So my grandmother liked me. Yet, I was necklace-less.
Time rambled on, my younger cousin Kerry got her pearls for some milestone or another. And after that was Shanna. Then I think Molly got them on her 18th birthday. I can’t remember specifically how each presentation of the pearls went down, but I recall a Christmas incident in which the youngest grandkids got their pearls.
That left me. I had been overlooked, bypassed and snubbed.
I finally mustered up the nerve to ask what the frigging deal with the pearls was. It was at this point that I was given an ultimatum. You graduate from college, and you will get your pearls.
WHAT. THE. HELL?
Let me get this straight. Every other granddaughter in the family had to do nothing but either turn sixteen or graduate from high school (which, by this time, I had done 6 years prior). What was with the strings attached?
And then it occurred to me. No one thought I was going to graduate from college. Insult, meet injury. Get to know one another, because you are going to be spending lots of time together.
I have a chronic history of disorganization. I have left many a task unfinished. Several of my teachers had my hearing tested in elementary school because they suspected I was deaf. My hearing was, and is, perfect. I just tune out a lot, and to this day, I spend lots of quality time knocking around in my own head and staring off into space. You might say I have a touch of the ADD. I have always earned high test score, but I was chronically inconsistent when it came to assignments and papers. These qualities made my schooling a bit of a challenge, as did my waitressing job and the hours I spent at the bars with my friends.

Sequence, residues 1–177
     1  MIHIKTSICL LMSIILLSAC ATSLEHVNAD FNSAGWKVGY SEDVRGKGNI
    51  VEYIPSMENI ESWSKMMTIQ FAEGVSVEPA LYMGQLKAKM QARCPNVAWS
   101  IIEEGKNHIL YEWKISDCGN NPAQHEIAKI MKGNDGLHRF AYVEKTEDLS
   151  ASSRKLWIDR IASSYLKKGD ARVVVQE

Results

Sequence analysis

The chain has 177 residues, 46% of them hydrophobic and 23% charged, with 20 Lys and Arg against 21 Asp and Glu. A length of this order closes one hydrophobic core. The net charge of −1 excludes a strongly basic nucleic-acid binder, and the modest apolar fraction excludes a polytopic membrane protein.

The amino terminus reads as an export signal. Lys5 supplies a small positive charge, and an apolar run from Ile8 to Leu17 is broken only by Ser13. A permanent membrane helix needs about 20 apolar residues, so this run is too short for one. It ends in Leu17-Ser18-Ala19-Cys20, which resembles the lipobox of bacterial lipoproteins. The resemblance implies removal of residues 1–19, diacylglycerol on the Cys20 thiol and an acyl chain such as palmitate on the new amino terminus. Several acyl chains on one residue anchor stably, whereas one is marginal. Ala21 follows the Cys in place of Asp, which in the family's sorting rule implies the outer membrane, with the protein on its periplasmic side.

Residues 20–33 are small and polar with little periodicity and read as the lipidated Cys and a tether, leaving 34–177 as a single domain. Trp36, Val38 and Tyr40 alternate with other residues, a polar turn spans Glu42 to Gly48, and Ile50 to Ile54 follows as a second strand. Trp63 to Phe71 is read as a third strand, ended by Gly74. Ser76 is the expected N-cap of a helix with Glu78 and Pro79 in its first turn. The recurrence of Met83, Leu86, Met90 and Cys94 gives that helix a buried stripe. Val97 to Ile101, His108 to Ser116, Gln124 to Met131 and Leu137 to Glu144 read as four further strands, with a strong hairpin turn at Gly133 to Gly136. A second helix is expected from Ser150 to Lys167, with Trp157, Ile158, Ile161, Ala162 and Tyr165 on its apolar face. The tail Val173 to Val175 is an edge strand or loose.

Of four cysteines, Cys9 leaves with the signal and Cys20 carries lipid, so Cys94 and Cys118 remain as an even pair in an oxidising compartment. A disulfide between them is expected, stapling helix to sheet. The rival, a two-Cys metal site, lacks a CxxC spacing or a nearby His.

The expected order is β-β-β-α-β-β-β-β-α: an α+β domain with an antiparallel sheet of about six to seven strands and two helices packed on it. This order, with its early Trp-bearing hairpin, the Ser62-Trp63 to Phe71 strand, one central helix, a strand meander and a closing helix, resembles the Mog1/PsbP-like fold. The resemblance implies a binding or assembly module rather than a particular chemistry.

Apparently my parents and my grandmother felt that if I couldn’t muster up the chutzpah to finish those pesky last few classes at the “U” myself, that the string of pearls already bequeathed to every sister and cousin on the planet might be just the carrot I needed to get my bachelors degree.
They thought wrong.
I did, eventually obtain my degree. A Bachelors of Science in Child Psychology and Business and Industry Education, in fact.
Contrary to the opinions of several family members, I did not complete my coursework so that I could finally get the godforsaken pearl necklace. By the time I finally finished college, I wanted to take that stupid freaking necklace my entire family seemed to be flinging around like some masochistic version of “pickle in the middle” and stomp on it with all my might. I completed my coursework because I wanted to a piece of paper to show for the 6 years I spent in college. I wanted my bachelor’s degree because I worked hard. I wanted something to show for it.
I did not tell anyone I had finished school for a long time. I did not walk through the graduation ceremony. I stewed in silence for a month or two, and cursed the pearl necklace and all it represented.
My grandmother, who I loved dearly despite the pearl debacle, got wind somehow that I had gotten my degree. She gave me the pearls, and I have since blocked from memory the likely awkward manner in which I received them. It’s difficult to feel gracious when receiving a gift that is tarnished with disappointment and misjudgment. I am certain I faked it pretty politely. And I was always crazy about her regardless.
Am I still bitter? Moi? Umm, yes….er….No…Okay, yes. I am bitter.
The only moral I can see in my sad story, is that if you want something, go out and get it for yourself. This is good advice, which I exercise often. A person can waste a lot of time waiting around for things to happen for them. In this case waiting = bitter, and bitter = BAD. Very Bad.
Life is short, and nothing sucks the joy out of receiving a gift more than waiting around too long for it. So go out and buy that pair of shoes. Hell, get the handbag too. You deserve it. Tell the sales clerk Margaret sent you. And while you’re up, think about gettingsomeone to make a sandwich for you on some of that good bread.